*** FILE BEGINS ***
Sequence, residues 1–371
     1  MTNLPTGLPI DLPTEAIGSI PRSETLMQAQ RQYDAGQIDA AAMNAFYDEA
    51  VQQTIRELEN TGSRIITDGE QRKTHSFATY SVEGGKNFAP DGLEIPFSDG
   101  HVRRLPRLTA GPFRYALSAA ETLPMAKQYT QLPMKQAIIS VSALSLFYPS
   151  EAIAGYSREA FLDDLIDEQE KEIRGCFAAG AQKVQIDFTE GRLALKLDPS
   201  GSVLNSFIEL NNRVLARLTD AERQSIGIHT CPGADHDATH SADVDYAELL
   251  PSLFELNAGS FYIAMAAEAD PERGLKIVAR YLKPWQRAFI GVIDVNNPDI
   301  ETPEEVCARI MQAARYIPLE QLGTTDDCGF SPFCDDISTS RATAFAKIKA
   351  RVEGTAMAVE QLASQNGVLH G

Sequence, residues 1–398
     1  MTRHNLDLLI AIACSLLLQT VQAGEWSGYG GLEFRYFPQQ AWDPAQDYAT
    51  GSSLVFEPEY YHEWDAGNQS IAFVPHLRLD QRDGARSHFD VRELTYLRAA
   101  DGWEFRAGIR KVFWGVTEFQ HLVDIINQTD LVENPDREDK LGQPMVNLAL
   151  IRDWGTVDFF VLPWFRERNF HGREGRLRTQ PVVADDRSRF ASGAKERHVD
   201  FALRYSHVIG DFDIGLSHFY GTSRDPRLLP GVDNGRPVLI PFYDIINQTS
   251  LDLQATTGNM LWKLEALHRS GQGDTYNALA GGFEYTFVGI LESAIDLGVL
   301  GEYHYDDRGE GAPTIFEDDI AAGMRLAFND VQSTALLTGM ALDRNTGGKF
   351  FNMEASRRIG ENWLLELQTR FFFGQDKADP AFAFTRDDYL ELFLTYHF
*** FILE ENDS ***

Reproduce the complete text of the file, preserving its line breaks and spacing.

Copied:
Sequence, residues 1–371
     1  MTNLPTGLPI DLPTEAIGSI PRSETLMQAQ RQYDAGQIDA AAMNAFYDEA
    51  VQQTIRELEN TGSRIITDGE QRKTHSFATY SVEGGKNFAP DGLEIPFSDG
   101  HVRRLPRLTA GPFRYALSAA ETLPMAKQYT QLPMKQAIIS VSALSLFYPS
   151  EAIAGYSREA FLDDLIDEQE KEIRGCFAAG AQKVQIDFTE GRLALKLDPS
   201  GSVLNSFIEL NNRVLARLTD AERQSIGIHT CPGADHDATH SADVDYAELL
   251  PSLFELNAGS FYIAMAAEAD PERGLKIVAR YLKPWQRAFI GVIDVNNPDI
   301  ETPEEVCARI MQAARYIPLE QLGTTDDCGF SPFCDDISTS RATAFAKIKA
   351  RVEGTAMAVE QLASQNGVLH G

Sequence, residues 1–398
     1  MTRHNLDLLI AIACSLLLQT VQAGEWSGYG GLEFRYFPQQ AWDPAQDYAT
    51  GSSLVFEPEY YHEWDAGNQS IAFVPHLRLD QRDGARSHFD VRELTYLRAA
   101  DGWEFRAGIR KVFWGVTEFQ HLVDIINQTD LVENPDREDK LGQPMVNLAL
   151  IRDWGTVDFF VLPWFRERNF HGREGRLRTQ PVVADDRSRF ASGAKERHVD
   201  FALRYSHVIG DFDIGLSHFY GTSRDPRLLP GVDNGRPVLI PFYDIINQTS
   251  LDLQATTGNM LWKLEALHRS GQGDTYNALA GGFEYTFVGI LESAIDLGVL
   301  GEYHYDDRGE GAPTIFEDDI AAGMRLAFND VQSTALLTGM ALDRNTGGKF
   351  FNMEASRRIG ENWLLELQTR FFFGQDKADP AFAFTRDDYL ELFLTYHF